Reforming-Controlled Compression Ignition – a method combining benefits of Reactivity-Controlled Compression Ignition and High-Pressure Thermochemical Recuperation 2019-01-0964
This work investigates a new method enabling full HCCI engine control based on a combination of Reactivity-Controlled Compression Ignition and High-Pressure Thermochemical Recuperation, while the engine is fed with a single primary fuel.
Basically, the primary fuel and water flow through a heat exchanger and a reformer heated with the exhaust gases, where they evaporate and then react for creating a hydrogen-rich reformate. The reformate composition depends on the primary fuel and the reformer design (catalyst, geometry, etc.), and contains some other species in addition to hydrogen. Various primary fuels are suitable for the suggested concept. In the reported study, the primary fuel is dimethyl ether (DME), and the reformer is designed to produce mainly hydrogen, carbon dioxide, carbon monoxide, and water. The applied reforming process is steam reforming of DME supported by a bi-functional (metal and acid) catalyst. Both DME (high-reactivity fuel) and the reformate (low-reactivity fuel) are injected directly but separately into the cylinder. Combustion control is achieved by changing the reactivity/composition of the total fuel supplied into the cylinder. This method enables adequate combustion control in the entire range of operating modes, including transients, due to the separate DME and reformate injection.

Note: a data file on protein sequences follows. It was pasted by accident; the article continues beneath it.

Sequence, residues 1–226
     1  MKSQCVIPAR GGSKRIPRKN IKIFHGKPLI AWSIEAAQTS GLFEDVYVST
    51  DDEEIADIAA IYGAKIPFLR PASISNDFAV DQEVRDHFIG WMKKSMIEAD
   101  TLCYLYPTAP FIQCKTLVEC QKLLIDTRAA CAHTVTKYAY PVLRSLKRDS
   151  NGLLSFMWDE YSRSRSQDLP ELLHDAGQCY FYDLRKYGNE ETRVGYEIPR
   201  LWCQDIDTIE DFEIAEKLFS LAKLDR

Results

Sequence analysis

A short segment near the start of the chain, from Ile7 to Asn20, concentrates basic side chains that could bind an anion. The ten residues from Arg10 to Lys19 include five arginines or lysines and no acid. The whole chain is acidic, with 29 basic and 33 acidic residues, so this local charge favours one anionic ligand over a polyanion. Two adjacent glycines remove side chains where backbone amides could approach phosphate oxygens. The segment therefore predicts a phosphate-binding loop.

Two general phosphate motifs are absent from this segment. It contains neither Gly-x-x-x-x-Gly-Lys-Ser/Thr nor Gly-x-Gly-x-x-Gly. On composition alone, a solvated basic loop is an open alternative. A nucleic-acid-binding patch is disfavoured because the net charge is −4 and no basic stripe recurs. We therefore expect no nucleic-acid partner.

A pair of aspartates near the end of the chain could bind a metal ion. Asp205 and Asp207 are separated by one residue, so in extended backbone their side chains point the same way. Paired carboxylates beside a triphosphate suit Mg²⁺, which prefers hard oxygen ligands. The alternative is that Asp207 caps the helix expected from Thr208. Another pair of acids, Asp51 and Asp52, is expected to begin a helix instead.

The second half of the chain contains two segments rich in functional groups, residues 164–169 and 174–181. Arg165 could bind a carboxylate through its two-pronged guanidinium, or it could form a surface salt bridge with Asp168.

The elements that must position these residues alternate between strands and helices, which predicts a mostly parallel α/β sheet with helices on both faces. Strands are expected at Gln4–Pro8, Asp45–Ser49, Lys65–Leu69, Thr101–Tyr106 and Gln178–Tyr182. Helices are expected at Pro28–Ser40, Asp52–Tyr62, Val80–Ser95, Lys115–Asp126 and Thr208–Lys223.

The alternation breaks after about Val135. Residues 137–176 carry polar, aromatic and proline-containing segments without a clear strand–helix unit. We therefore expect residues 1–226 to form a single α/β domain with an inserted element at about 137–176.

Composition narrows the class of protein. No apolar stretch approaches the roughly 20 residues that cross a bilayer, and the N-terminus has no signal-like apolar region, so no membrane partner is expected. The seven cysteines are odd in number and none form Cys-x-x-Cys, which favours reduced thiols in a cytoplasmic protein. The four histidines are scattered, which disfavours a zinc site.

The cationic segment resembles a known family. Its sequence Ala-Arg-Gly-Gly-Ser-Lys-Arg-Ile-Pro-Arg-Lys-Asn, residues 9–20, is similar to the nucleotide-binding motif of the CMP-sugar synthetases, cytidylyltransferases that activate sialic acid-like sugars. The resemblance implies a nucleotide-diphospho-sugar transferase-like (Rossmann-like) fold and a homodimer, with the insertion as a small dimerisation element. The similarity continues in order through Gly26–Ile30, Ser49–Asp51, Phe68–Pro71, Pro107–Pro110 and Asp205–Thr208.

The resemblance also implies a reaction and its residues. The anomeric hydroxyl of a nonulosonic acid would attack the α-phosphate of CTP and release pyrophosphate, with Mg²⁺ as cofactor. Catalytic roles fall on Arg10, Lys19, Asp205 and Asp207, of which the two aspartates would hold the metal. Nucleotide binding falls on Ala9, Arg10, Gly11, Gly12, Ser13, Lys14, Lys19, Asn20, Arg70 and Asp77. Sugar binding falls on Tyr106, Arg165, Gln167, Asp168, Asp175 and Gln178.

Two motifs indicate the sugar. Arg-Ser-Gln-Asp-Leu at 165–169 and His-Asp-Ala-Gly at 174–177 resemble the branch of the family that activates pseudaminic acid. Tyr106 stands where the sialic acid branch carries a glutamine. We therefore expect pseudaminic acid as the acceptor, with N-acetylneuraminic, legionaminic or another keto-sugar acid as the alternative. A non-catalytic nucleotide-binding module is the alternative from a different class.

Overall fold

This work presents results of 1D and 3D CFD simulations. The 1D model includes the whole engine-reformer system and is mainly intended for energy balance and reformer reaction rate calculations. The 3D model is aimed at the combustion process prediction. A reduced chemistry mechanism is applied. The prediction results show system efficiency improvement up to six percentage points as compared to HCCI engine without High-Pressure Thermochemical Recuperation, while the improvement is higher in naturally low-efficiency regimes. At all considered operating modes a shortage in available enthalpy for the reforming is not observed. Suitability of different injection methods to decrease ringing intensity, and hence to expand the high-load operation limit, is investigated.